Skiing – 5 top tips for slope success from a ‘basic’


It’s the time of year when everyone is returning from skiing with various aches and pains into our world of physiotherapy. Including…Moi!


Toward the end of my own ski holiday, I was reflecting on what I might see in terms of injuries upon my return. Now that I can say I am a ‘competent’ skier of over 10 years, I thought it might be nice to share some of my own tips for getting comfortable on those planks.


1.     Trust your gear – The moment I started believing that my skis would cut through the ice and snow, I graduated to edges. That is, after all, what they are designed for. Carve that powder…(I think that’s what they say)


2.     Pole plant with flare – When I wasn’t sure what on this snowy earth I was supposed to do with my flailing poles, someone recommended dancing with the mountain. A Darcey Bussel style reach in the direction you want to go. Worked a charm. La de dee, la de dah…


3.     Lift your chin – Regardless of how long you’ve spent conquering that mountain. A week, a lifetime?! Hold that head up high and smile at the run. Relax your shoulders and you will, absolutely, be a) in a better ski position, and b) enjoy yourself more.


4.     Say thank you to bumps – Stick with me, when I first saw some snow bumps that I was really nervous about, a wise man said to me; ‘as you go around and over each bump say, ‘thank you bump!’. They are slowing you down and helping you ski. Took the fear right out of them.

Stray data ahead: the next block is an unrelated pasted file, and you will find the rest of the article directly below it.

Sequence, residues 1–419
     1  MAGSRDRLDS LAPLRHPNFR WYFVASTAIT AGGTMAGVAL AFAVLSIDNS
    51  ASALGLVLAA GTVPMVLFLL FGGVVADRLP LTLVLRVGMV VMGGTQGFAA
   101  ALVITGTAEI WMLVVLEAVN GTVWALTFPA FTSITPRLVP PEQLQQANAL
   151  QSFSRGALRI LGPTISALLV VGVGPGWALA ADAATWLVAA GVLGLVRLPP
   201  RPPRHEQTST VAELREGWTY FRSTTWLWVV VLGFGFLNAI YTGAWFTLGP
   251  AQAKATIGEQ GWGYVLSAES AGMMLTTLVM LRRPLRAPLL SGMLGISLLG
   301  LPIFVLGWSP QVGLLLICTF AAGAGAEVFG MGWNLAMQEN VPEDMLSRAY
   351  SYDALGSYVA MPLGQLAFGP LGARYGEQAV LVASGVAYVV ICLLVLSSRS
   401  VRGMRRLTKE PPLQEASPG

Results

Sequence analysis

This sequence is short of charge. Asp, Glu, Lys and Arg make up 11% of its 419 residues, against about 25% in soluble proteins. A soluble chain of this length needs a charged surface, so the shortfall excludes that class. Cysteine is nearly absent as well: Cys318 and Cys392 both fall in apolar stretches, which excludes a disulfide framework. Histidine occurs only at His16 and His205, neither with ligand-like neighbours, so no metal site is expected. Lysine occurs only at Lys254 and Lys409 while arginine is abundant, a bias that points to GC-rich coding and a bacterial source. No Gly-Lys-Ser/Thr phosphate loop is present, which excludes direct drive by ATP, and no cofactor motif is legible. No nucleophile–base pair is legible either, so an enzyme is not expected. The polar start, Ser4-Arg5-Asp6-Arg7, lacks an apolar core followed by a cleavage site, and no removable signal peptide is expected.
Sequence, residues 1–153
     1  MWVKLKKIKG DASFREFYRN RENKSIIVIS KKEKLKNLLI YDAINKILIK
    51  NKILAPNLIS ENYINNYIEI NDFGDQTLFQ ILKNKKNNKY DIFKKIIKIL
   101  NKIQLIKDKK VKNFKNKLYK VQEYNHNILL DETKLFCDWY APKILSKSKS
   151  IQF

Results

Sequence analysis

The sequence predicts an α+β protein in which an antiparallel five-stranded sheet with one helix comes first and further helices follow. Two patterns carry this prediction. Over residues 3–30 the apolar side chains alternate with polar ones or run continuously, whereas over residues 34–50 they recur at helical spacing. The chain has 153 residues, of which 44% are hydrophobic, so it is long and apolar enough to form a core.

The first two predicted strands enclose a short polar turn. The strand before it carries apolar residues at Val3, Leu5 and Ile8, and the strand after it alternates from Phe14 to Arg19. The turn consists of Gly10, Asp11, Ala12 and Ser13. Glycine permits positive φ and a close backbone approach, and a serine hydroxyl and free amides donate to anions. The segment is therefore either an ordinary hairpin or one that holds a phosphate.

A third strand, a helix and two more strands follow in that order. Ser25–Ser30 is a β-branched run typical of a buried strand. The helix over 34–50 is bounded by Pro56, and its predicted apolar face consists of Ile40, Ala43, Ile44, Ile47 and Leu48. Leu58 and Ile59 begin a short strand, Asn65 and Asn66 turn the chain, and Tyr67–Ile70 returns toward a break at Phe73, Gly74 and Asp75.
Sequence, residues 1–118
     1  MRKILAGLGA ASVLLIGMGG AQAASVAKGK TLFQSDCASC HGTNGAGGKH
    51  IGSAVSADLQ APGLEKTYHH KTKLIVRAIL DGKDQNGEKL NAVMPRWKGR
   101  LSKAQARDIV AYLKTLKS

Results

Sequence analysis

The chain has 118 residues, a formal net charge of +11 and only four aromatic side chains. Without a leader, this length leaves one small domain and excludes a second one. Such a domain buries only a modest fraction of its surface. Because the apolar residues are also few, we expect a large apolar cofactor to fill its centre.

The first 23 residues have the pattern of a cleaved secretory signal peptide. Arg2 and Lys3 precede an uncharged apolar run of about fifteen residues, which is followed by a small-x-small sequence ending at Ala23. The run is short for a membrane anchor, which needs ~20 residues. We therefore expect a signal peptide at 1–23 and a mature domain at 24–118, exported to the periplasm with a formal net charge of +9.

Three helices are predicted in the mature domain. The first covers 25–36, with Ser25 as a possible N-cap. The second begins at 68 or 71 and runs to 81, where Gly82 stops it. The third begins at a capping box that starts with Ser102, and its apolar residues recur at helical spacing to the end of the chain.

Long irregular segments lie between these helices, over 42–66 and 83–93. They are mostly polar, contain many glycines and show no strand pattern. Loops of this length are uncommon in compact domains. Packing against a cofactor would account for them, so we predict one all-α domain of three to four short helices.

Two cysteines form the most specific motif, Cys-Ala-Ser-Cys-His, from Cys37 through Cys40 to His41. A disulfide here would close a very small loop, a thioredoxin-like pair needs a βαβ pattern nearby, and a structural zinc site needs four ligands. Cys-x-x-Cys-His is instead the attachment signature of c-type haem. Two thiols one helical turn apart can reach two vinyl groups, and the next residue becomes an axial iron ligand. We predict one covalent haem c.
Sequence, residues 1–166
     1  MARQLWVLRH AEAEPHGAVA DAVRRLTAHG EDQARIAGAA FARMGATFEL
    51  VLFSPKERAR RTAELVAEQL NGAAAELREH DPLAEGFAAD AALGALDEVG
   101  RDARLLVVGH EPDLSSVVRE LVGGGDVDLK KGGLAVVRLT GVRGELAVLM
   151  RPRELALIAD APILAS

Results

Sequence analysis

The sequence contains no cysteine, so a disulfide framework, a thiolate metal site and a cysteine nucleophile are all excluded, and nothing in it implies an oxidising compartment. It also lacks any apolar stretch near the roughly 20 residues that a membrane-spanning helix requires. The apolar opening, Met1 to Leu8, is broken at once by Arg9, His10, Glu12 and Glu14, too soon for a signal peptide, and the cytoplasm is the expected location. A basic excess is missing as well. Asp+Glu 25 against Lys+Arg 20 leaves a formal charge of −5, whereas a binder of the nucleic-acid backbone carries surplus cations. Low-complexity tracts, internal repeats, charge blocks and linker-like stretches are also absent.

5.     If you are tired, rest – Here comes my physio brain. The moment has arrived when you think you might be pushing your luck..? You probably are. Times for après. It’s hard work skiing, you need to be alert, feeling strong and in control. If it’s getting too much, then the fun is running out and I spy injury time. Get your neon clad self down that mountain, grab a beer and relax!


Whilst my advice does, by no means replace a qualified ski instructor ( and I can’t recommend getting professional lesson enough, much less ouchy) , it has certainly helped me with gaining the swish, swoosh factor and my notoriously hard to please  instructor/family-member actually reported the following: ‘Sam has finally found edges and angles..huh.’ Praise. Indeed.



Samantha Moss